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Maqbool Fida Husain …
in art, in life

Syed Badrul Ahsan

Maqbool Fida Husain, Photo: courtesy

Maqbool Fida Husain's lonely passage to death in London earlier this month was once more a reminder of the predicament art has consistently lived through. Husain was ninety five at the time of his corporeal end. It was a phase in life he ought to have been allowed to live in dignity in his native India. And yet it was as a Qatari that he spent the last five years of what otherwise had been a magnificent existence. He was India's Picasso, as many would say, sadly content in his final years sketching royalty in his adopted country. In the summer, it was to London that he journeyed. As he waited in the London spring this time to see summer return in all its glory, the life went quietly out of him.

Untitled, Serigraph. Photo: courtesy

Husain was the iconoclastic painter, in Shabana Azmi's profound tribute. But then, there was the unconventional that took over his persona in nearly everything that he did. That, you might note, is the hallmark of an artist to whom existence is not merely a matter of what there is but, more poignantly, of what there might be and could have been. Small wonder, then, that it becomes easier for us to understand Husain's charming obsession with Madhuri Dixit, the muse around whom his swift brush strokes created poetry in all its lyrical affluence. Art creates, before it recreates. For Maqbool Fida Husain, therefore, there was that inextricable link between faith and the world of the imagination he sought to exploit in his modernistic depiction of the Hindu pantheon. Gods and goddesses, for him, were certainly an epitome of the divine. And yet art held out the huge possibility of infusing this divinity with all the attributes of corporeal human entities. The erotic, in Husain's scheme of things, came with a dash of poetry and on the wings of faith. His conviction infuriated his detractors. Yet he could do no less than reveal the sexuality inherent in the images of the gods and goddesses, each to each. The seduction of the flesh is undeniable. And desire is always electrifying.

Indian artist Mahendra Jayantilal Kadia (2L) and his students hold candles while paying homage to artist MF Husain. Photo: AFP

In Fida Husain subsisted a larger than life soul. Banalities did not touch him. The mundane he kept at a respectable distance. He owned no studio, for every spot of earth where the artistic imagination seized hold of him swiftly, as it were, became his studio. He could be spotted sitting on the floor, or spread-eagled across it, sketching away with nary a thought to the world passing him by. At home in India and then all around the globe, he kept his feet on the ground, literally. Perhaps there was something of the metaphysical that came of his barefoot communion with the earth and the intellectual explosions of his artistic grandeur? That grandeur was part of the life force in him was always in plenteous evidence: he won the Padma Bhushan and the Padma Vibushan. Loftiness of character raised him to heights that others could only dream of scaling. A serious observer of life and all its tenuous realities, he was nevertheless endlessly aware of the need for aesthetics to come into an embellishment of it. The result was Meenaxi: A Tale of Three Cities and Gaja Gamini. In the fragrant Madhuri and in the tropically sultry Tabu, he ran his finger on the huge swathes of essential human character complementing their visions of art and life, together with a plenitude of feminine grace that he morally was driven to portray in his movies.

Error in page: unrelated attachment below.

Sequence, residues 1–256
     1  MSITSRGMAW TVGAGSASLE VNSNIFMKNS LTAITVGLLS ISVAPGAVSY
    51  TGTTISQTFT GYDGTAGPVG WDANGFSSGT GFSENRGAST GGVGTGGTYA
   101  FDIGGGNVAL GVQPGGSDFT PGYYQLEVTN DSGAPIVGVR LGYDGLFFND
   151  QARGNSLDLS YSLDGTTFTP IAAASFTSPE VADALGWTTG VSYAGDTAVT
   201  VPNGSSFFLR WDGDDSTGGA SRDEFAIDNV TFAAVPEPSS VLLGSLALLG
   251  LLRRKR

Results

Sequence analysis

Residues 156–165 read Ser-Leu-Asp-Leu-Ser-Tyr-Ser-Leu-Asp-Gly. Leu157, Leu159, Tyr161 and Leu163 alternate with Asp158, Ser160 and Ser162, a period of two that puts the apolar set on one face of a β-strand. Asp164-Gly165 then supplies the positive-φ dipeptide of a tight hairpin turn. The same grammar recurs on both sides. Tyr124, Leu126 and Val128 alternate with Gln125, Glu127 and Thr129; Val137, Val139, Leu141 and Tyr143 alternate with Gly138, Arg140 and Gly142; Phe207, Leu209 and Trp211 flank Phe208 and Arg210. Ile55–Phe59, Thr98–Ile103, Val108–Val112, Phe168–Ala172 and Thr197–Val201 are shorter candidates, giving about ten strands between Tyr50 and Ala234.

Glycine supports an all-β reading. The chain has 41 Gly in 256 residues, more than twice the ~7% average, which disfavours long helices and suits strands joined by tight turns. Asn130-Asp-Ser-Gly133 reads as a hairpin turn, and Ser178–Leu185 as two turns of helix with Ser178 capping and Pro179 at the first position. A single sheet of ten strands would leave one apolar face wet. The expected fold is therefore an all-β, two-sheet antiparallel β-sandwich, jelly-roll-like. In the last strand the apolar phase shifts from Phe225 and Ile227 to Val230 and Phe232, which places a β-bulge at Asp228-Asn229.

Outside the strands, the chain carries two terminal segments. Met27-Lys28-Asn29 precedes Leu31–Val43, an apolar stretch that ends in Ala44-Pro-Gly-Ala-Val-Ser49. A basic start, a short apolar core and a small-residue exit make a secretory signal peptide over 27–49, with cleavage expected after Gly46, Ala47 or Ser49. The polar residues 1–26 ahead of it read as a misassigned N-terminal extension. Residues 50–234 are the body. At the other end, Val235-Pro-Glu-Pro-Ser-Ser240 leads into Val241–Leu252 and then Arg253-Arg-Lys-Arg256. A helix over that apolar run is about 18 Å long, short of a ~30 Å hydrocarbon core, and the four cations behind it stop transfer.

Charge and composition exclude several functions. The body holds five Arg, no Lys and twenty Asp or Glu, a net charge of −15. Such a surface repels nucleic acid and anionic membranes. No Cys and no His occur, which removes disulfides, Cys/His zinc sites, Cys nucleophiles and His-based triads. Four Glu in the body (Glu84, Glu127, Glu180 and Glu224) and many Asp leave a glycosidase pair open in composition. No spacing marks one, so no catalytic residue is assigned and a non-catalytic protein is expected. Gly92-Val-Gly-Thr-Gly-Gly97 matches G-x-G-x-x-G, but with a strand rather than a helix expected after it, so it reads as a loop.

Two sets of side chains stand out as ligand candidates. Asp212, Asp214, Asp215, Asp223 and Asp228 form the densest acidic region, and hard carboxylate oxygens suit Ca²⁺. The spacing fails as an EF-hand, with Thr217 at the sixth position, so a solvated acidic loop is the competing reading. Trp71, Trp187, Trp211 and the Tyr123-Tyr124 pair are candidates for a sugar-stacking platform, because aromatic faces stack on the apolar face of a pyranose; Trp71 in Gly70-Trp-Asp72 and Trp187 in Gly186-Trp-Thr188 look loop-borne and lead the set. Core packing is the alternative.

Not many were enthused by the movies. The general run of men and women has never, historically, been inclined to contemplation of human behaviour emanating from a profundity of grey matter. Fida Husain understood and indeed acknowledged this truth. But what mystified him was the sinister work of the rabble. Hindu mobs bayed for his blood over his perceived humiliation of divinity. Muslim clerics, missing the point made by art, thought he was putting the knife into the faith he was born into. Fanaticism was rampant. It is fair to assume, then, that Husain must have looked back, to dwell long and hard on the cultural blasphemy the Taliban committed through blowing the Bamian statues in Afghanistan into rubble in the late 1990s. Bigotry is a molestation of faith. It is unwilling and unable to spot the transcendental taking shape in a marriage of art and religion. For Fida Husain, for courageous masters like him, devastating kristallnachts have regularly hounded the purveyors of art the world over.

Friends, Mixed Media. Photo: courtesy
Works of artist MF Husain at underground art gallery 'Hussain-Doshi Gufa'. Photo: AFP

Bitterness had no place in Maqbool Fida Husain's life and yet it irritated him to no end when the asinine got the better of wisdom among those determined to have his head on a platter. That no one in political authority came to his defence dismayed him. That the India he had loved all his life sensed not at all the heartbreak it caused in him through compelling him to renounce his citizenship is a living shame.

In death, Maqbool Fida Husain casts a long, and lengthening, shadow over the small world of those who let the bloodhounds loose after him. For everyone else, his dying is as sudden as an unforeseen coming of blustery winter.


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